I was invited to this conference with the mandate to chair a session on skeletal muscle mechanics, energetics and plasticity. This was an exciting prospect as the speakers and topics for that session had already been identified: Drs. Rick Lieber (Skeletal Muscle as an Actuator), Tom Roberts (Elastic Mechanisms and Muscle Function), Silvia Blemker (Skeletal Muscle has a Mind of its Own: a Computational Framework to Model the Complex Process of Muscle Adaptation) and Sabrina Lee (Muscle Properties of Spastic Muscle (Stroke and CP). Dr. Lieber revisits the topic of sarcomere length as a fundamental property of skeletal muscle contraction. Specifically, problems associated with sarcomere length non-uniformity and the role of sarcomerogenesis in diseases such as cerebral palsy are critically discussed. Dr. Roberts then makes us aware of the (often neglected) role of the passive tissues in muscles and discusses the properties of parallel elasticity and series elasticity, and their role in muscle function. Specifically, he identifies the merits of analyzing muscle deformations in three dimensions (rather than just two), because of the potential decoupling of the parallel elastic element length from the contractile element length, and reviews the associated implications for the architectural gear ratio of skeletal muscle contraction. Dr. Blemker tackles muscle adaptation using a novel way of looking at adaptive processes and what might drive adaptation. She argues that cells do not have pre-programmed behaviors that are controlled by the nervous system. Rather, the adaptive responses of muscle fibers are determined by sub-cellular signaling pathways that are affected by mechanical and biochemical stimuli; an exciting framework with lots of potential. Finally, Dr. Lee takes on the challenging task of determining human muscle properties in vivo. She identifies the dilemma of how we can demonstrate the effectiveness of a treatment, specifically in cases of muscle spasticity following stroke or in children with cerebral palsy. She then discusses the merits of ultrasound based elastography, and the clinical possibilities this technique might hold. Indeed a powerful group of individuals with broad backgrounds in skeletal muscle mechanics, physiology, structure and function.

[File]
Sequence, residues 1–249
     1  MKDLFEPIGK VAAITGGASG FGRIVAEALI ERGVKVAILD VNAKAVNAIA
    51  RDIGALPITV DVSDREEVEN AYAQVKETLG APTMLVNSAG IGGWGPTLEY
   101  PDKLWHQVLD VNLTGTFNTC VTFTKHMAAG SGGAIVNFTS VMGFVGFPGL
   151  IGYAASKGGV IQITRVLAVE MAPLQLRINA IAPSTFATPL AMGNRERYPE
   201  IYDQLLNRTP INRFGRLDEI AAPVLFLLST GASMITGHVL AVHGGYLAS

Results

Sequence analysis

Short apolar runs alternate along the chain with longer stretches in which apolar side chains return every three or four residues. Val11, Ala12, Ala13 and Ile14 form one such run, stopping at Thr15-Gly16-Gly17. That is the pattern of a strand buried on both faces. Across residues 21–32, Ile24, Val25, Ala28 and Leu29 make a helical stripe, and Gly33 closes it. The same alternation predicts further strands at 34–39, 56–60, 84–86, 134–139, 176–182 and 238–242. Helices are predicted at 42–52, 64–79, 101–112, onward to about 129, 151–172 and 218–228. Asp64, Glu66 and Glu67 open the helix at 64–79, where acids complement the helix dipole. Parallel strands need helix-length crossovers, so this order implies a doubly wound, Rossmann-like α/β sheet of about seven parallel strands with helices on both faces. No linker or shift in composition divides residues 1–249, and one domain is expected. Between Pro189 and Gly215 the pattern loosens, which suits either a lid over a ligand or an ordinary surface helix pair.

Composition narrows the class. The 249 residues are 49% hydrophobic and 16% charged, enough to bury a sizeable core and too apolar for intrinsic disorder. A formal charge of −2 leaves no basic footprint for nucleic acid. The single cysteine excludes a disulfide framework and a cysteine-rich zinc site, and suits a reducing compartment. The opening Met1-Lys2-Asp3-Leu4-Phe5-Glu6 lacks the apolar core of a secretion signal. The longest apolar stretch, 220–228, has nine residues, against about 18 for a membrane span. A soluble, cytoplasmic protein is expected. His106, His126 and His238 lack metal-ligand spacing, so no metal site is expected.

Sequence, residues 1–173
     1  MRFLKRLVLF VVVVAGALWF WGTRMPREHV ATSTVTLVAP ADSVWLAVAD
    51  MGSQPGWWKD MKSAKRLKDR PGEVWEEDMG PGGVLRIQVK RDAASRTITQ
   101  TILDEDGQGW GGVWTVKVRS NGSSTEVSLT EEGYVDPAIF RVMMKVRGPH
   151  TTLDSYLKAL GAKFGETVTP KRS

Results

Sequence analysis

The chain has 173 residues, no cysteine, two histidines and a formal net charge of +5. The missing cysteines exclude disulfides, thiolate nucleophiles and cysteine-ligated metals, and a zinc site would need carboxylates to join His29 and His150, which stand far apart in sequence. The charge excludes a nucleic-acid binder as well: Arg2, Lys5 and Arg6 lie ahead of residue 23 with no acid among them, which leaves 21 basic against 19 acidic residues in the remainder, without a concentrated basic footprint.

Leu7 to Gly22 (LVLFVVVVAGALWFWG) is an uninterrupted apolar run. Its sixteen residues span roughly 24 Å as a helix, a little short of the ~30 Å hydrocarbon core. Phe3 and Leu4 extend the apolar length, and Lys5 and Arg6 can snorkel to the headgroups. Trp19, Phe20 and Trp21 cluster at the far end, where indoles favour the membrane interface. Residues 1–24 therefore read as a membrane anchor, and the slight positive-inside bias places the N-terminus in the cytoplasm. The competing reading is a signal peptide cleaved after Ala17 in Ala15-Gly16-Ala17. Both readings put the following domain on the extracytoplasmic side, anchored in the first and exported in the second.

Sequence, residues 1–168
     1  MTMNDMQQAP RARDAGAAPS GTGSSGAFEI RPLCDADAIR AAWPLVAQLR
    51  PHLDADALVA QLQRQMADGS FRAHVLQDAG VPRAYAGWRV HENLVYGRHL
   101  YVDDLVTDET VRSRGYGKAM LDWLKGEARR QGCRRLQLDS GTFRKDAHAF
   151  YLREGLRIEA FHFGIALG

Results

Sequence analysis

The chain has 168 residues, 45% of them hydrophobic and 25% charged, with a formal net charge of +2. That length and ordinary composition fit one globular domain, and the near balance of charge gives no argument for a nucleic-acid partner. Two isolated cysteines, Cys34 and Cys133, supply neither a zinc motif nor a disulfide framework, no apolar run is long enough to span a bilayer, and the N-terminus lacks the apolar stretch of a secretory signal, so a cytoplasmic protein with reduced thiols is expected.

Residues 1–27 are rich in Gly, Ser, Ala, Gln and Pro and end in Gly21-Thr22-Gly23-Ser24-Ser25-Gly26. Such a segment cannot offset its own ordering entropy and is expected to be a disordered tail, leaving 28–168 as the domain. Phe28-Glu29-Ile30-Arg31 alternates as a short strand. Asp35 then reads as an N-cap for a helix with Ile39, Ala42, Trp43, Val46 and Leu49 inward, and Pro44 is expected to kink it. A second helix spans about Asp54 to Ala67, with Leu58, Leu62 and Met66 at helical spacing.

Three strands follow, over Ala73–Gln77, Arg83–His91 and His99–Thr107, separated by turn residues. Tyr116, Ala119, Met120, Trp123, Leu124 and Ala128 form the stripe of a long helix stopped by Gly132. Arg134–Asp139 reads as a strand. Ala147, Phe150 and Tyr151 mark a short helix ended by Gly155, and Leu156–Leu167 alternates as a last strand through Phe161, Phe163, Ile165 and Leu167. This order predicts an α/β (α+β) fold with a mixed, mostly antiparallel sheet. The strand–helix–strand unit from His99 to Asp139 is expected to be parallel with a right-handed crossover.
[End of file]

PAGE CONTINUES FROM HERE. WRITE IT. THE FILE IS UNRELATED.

Despite the apparently different topics, they all are focused on the mechanics, properties and function of in vivo human skeletal muscles. Drs. Lieber and Roberts discuss the importance of sarcomere properties, sarcomere non-uniformities and elasticity for the everyday function of muscles. This topic is then expanded by Dr. Lee who introduces new technologies to assess muscle properties in vivo, and Dr. Blemker provides a theoretical framework not only for muscle properties and muscle function, but also for adaptive processes in skeletal muscle training, adaptation, disease, and aging. All four contributions are ultimately aimed at understanding how muscles work in the animal body, and how muscle properties and function adapt to external challenges.